Home Buying in Westchester>Question Details

Nancy, Home Buyer in Los Angeles, CA

We are first time buyers, is it wise to pay a little less than half our monthly income for our mortage?

Asked by Nancy, Los Angeles, CA Sat Nov 8, 2008

Help the community by answering this question:


Based on the past year, if you had the mortgage payment now being contemplated, how much additional would you have saved each month? I see lots of mistakes made by buyers, lack of planning and budget is the most common. What does your budget say you can afford each month while still saving a decent amount?

I linked Freddie’s budget form below, work backwards, start at the end with savings then adjust everything else.
2 votes Thank Flag Link Tue Aug 23, 2011
Dear Nancy,
One third is the recommended amount for a mortgage payment, but there are other issues involved as well. My recommendation is that you work with a reputable loan officer to discuss your fiances before moving forward.
0 votes Thank Flag Link Tue Aug 23, 2011
You will be much better off financially if you stick to not more than 1/3 of your income for a mortgage, insurance, and taxes for the home. That way you will still have money for saving for emergencies. Also you should have about 6 months or more living expenses saved above the down-payment for your home purchase in case you should lose your job, or get sick or hurt, for example. The economy is shaky right now. It is good to buy a home when we are experiencing buyer's market pricing, but don't get into a mortgage black hole that could undo your financial security.

There are some new programs for first time homebuyers that you should ask your Realtor and your mortgage bank about that provide up to $7500 tax credit for you if you buy by this summer -- July 1st if I remember correctly. Maybe that will be extended.

If you just cannot afford to purchase right now, perhaps you could find a rent to buy situation where part of your rent would be applied to the purchase price of the home. Just be sure that you are not overpaying for the house to get this situation. We recommend working with a good Buyer's Agent to assist you -- won't cost you anything usually unless you sign an agreement that obligates you to pay. Shop around to find an ABR and/or CRS agent who will work with you by collecting commission from the seller only. Check either of these designations online at REBAC.com and/or CRS.com. Good luck to you!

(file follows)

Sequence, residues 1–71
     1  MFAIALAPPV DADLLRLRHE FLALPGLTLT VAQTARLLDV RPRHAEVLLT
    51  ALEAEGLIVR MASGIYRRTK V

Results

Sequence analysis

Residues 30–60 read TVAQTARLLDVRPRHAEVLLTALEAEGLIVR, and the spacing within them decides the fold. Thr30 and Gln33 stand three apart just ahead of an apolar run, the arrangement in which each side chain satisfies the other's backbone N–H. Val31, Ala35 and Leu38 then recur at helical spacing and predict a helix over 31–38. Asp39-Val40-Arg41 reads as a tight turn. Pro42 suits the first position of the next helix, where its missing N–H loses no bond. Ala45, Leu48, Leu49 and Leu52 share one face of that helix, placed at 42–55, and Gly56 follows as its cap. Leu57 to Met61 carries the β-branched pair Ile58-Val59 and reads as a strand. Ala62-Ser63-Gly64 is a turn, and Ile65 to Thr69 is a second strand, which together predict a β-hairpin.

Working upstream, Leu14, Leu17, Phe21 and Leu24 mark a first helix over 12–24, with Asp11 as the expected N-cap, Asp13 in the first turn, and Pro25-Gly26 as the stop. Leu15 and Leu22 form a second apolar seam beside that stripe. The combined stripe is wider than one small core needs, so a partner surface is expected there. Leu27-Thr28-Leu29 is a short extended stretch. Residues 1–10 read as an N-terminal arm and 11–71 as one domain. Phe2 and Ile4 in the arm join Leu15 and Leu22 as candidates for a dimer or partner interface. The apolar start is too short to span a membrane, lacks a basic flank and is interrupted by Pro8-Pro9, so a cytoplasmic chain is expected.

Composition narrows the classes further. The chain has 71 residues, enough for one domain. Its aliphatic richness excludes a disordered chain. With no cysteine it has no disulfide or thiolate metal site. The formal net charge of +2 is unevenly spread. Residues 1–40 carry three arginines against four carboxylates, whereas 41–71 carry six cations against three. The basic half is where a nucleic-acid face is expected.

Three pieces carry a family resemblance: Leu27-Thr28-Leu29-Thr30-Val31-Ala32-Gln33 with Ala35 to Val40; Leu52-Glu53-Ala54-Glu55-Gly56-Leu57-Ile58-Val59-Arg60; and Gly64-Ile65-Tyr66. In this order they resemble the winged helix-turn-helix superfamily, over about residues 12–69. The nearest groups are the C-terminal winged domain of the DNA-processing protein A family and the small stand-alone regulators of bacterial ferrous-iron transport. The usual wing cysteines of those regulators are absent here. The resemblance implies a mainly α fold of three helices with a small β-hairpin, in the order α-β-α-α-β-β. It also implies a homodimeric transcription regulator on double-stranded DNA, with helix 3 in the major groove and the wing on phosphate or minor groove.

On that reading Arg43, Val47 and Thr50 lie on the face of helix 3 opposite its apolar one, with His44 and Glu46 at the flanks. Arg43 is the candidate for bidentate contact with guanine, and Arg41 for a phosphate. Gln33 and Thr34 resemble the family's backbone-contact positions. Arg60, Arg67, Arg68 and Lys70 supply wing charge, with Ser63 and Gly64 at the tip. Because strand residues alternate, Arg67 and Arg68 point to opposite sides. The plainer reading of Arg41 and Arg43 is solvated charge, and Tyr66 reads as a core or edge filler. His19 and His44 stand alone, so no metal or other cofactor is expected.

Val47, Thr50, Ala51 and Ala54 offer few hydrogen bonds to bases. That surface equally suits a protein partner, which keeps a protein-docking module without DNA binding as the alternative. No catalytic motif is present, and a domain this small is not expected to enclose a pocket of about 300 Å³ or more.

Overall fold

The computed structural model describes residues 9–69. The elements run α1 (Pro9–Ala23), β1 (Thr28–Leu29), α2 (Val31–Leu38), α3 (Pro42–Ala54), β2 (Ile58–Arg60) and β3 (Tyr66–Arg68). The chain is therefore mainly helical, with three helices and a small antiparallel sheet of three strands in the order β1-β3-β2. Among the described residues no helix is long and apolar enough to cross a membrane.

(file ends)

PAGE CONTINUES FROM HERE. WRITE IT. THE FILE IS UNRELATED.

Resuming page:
0 votes Thank Flag Link Sun Nov 9, 2008
Usually for FHA the most your mortagage can be vs. your income is 54%. It all depends on how many working adults are living in the house and how many expenses you have a month. I had a client that made $5,000 a month but did not want his morgage to exceed $2,100.
0 votes Thank Flag Link Sun Nov 9, 2008
Always buy smart, work with those that truly have your interest. Be ready to walk away from all deals and work with a true professional, someone fulltime in this business. I've got lots of other good tips but let me know if I can assist you more
Web Reference: http://www.centuryside.com
0 votes Thank Flag Link Sun Nov 9, 2008
When I bought my first home, the sage advice at that time is that my house payment should not be more than 1/3 of my salary. I must admit, it was manageable.

Years later, on another home, my payments were half my salary. And that was a real struggle. It gave rise to being "house rich but cash poor."

So you should determine what your lifestyle would be if half your salary goes towards a house (factoring in your tax deductions). What can you give up, what can you live with? Look at what your monthly payments would be --- is it do-able? Will you still be able to build up a savings as a reserve account for emergencies, including repairs to the house?

Good luck....
0 votes Thank Flag Link Sat Nov 8, 2008
Hello Nancy. That percentage would be within the acceptable range but the most important question is whether you are comfortable with the payment being close to 50% of your income. As to whether it is wise, I would suggest you consult with a financial advisor or an accountant who could go over in detail what your plans and goals are. Good luck Nancy!
0 votes Thank Flag Link Sat Nov 8, 2008
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